Determining Trend Strength And Turning Points
This indicator is a very old statistical tool that even to this day helps determine trend strength and turning points. Here’s how to apply it to your trading.
Technical analysis can be considered both a science and an art; patterns and chart reading represent the artistic component, while technical indicators help us analytically understand trend strength, buy/sell pressure, and divergences. There are perhaps thousands of technical indicators, but few seem to deliver real analytical power and differentiation in this increasingly crowded landscape, especially since many can be perceived simply as intellectual exercises that produce little bottom-line impact.
To narrow down this set of tools, statistics offer a great source of established knowledge for those who want to focus on more tangible and useful indicators. For instance, the tried-and-tested Z-score has become a classic in both statistics and technical analysis.
In this article we will discuss an established concept in statistics originally proposed in 1904, with potential for use in technical analysis: the Spearman’s rank correlation coefficient, also known as the Spearman indicator.
Spearman’s rank correlation coefficient
Charles Spearman was a late 19th-century and early 20th-century British psychologist and mathematician with major contributions to factor analysis, theories of intelligence, and mental test theory. In 1904, he developed a statistical measure for the strength of association between two variables. It later became the foundation of the rank correlation coefficient bearing his name. Spearman’s rank correlation coefficient computes the degree of correlation between the ranks of the elements in two data groups of equal size.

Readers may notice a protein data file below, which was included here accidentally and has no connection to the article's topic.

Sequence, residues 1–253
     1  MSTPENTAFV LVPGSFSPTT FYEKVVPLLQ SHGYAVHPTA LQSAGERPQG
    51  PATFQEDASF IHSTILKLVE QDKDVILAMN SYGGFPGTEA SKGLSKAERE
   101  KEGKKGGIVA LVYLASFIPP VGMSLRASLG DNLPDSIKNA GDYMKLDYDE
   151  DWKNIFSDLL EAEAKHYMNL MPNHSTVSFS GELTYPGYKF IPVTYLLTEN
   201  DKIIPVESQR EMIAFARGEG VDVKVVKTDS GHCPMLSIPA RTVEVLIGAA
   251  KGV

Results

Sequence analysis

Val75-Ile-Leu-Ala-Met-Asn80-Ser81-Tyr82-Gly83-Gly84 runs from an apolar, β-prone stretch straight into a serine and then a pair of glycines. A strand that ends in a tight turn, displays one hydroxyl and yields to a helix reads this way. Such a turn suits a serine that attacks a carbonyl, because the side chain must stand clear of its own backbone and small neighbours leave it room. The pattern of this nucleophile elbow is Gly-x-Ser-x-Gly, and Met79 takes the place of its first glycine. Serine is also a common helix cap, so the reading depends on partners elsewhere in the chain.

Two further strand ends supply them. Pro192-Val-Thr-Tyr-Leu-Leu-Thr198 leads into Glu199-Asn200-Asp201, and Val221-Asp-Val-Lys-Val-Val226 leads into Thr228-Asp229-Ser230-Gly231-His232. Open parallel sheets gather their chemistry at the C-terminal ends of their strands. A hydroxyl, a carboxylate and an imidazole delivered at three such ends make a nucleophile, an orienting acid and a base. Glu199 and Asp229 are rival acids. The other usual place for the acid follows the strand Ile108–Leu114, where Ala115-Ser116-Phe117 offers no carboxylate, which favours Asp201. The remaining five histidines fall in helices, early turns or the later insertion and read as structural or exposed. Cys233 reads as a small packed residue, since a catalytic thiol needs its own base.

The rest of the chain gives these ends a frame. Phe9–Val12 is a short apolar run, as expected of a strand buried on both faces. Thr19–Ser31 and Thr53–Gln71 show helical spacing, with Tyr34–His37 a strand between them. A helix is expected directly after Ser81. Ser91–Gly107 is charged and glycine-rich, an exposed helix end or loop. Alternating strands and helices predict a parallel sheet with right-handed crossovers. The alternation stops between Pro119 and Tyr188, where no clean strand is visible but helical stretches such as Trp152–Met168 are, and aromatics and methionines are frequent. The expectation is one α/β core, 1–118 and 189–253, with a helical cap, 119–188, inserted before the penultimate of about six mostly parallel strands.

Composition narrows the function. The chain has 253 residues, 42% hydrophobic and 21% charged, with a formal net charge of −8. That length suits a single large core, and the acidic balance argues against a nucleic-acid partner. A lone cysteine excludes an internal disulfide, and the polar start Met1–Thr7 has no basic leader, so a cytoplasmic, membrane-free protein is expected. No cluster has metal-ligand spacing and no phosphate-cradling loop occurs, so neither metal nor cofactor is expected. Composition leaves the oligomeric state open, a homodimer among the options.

Now, let’s assume that two data groups are each composed of N elements (N = 10). The lowest-value element in each group receives the lowest ranking. Then the next-lowest element gets the second-lowest ranking, then the next, until we reach the highest element in each group that gets the highest ranking. After this exercise, we are left with the original two data groups and two additional groups containing the ranks.
Figure 1: qstick on a monthly s&p 500 chart. Positive values confirm buying pressure as seen during the 2003–07 solid uptrend. Things changed dramatically during 2007–09 when Qstick turned negative.